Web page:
WordPress Comments – Interacting with your readers through comments
An exciting aspect of blogging with WordPress is receiving feedback from your readers after you post to your blog. Feedback, or blog comments, is akin to having a guestbook on your blog. People can leave notes for you that publish to your site, and you can respond and engage your readers in conversation (see Figure 1-3). These notes can expand the thoughts and ideas you present in your blog post by giving your readers the opportunity to add their two cents’ worth.
On the WordPress Dashboard, you have full administrative control over who can leave comments. Additionally, if someone leaves a comment with questionable content, you can edit the comment or delete it. You’re also free to not allow comments on your blog. The blogging community says that a blog without comments isn’t a blog at all because exchanging views with visitors is part of what makes blogging popular. Allowing comments on your blog invites your audience members to involve themselves in your discussion. However, publishing a blog without comments lets your readers partake of your published words passively and, sometimes, that’s okay. For example, if your content on a controversial topic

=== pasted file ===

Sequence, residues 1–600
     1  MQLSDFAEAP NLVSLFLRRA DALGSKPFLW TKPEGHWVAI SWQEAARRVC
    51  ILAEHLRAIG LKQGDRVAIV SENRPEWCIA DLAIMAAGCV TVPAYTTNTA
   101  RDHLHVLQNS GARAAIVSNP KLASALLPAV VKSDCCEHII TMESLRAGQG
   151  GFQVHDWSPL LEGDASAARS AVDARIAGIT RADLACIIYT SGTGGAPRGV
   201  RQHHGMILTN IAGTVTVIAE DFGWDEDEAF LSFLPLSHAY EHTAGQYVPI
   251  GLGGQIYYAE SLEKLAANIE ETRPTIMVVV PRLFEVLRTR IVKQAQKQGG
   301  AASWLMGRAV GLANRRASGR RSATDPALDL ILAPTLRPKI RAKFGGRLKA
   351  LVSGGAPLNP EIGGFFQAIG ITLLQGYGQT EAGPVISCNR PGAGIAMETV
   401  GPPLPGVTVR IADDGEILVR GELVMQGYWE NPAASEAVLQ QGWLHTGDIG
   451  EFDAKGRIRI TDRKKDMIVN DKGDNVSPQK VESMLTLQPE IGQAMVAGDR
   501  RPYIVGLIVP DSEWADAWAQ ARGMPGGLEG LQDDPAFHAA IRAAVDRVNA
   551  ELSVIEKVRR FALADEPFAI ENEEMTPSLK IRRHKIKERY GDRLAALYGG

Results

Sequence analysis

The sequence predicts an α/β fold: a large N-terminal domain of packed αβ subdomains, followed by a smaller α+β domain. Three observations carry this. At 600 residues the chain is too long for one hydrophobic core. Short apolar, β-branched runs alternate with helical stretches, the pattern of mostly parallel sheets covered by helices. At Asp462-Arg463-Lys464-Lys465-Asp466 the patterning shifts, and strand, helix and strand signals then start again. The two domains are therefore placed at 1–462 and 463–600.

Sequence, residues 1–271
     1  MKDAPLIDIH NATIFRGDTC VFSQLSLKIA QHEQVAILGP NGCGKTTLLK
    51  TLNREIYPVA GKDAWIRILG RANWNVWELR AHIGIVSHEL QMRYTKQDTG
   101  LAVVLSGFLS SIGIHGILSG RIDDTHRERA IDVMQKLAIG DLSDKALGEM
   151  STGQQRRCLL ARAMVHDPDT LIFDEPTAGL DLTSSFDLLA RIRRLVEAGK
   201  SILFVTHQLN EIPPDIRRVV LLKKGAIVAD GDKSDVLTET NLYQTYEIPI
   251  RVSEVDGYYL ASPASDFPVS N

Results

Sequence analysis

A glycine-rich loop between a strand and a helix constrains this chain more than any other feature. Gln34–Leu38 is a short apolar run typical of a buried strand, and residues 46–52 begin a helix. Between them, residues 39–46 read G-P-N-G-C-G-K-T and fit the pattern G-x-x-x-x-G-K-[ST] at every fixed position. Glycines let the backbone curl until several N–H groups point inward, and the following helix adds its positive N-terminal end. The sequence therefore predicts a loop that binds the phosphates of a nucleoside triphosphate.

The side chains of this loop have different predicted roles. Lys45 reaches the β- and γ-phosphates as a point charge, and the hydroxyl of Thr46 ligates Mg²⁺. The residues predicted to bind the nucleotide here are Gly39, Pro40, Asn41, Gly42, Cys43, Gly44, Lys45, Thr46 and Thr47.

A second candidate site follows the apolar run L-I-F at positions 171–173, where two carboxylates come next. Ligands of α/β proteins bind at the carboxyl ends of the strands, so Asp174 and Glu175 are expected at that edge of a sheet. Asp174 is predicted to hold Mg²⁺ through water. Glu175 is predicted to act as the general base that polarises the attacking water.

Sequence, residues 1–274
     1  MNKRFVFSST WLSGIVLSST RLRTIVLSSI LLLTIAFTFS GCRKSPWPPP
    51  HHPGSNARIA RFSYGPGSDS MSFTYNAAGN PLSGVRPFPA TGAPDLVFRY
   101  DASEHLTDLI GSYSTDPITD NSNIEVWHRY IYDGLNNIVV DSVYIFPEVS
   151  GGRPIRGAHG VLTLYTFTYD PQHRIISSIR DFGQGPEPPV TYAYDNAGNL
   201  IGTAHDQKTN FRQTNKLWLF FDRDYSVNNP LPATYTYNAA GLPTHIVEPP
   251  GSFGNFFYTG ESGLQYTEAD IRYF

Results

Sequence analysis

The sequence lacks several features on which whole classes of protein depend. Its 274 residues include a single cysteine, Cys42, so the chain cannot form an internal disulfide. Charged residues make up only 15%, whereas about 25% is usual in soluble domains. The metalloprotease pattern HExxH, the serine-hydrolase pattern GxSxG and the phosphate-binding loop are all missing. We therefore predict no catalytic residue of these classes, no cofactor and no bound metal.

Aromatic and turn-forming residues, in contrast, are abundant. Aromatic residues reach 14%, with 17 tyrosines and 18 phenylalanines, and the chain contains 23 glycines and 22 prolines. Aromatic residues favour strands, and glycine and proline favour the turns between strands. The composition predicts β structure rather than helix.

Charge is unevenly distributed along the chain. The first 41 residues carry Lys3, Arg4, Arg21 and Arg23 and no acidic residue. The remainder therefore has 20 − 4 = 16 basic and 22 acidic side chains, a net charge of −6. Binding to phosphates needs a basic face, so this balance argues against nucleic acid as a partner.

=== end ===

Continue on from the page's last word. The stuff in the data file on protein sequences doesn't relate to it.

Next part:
may attract visitor insults, it would be reasonable to publish a post without enabling the comment feature. Mostly, readers find commenting to be a satisfying experience when they visit blogs because comments make them part of the discussion. Still, it’s up to you.
Feeding your readers
RSS stands for Really Simple Syndication. An RSS feed is a standard feature that blog readers have come to expect. So what is RSS, really?
RSS is written to the Web server in XML — Extensible Markup Language, as a small, compact file that can be read by RSS readers (such as I outline in Table 1-1). Think of an RSS feed as a syndicated, or distributable, auto-updating list of “What’s New” for your Web site.
By using tools called feed readers, readers can download your feed automatically — that is, they can set their feed readers to automatically discover new content (such as posts and comments) from your blog and download that content for their consumption. Table 1-1 lists some of the most popular feed readers.
or blog readers to stay up-to-date with the latest and greatest content you post, they need to subscribe to your RSS feed. Most blogging platforms allow RSS feeds to be autodiscovered by the various feed readers. The reader needs only to enter your site’s URL, and the program automatically finds your RSS feed.
Most Web browsers alert visitors to the RSS feed on your site by displaying the universally recognized orange RSS feed icon, shown in the margin.
WordPress has RSS feeds in several formats. Because the feeds are built into the software platform, you don’t need to do anything to provide your readers an RSS feed of your content.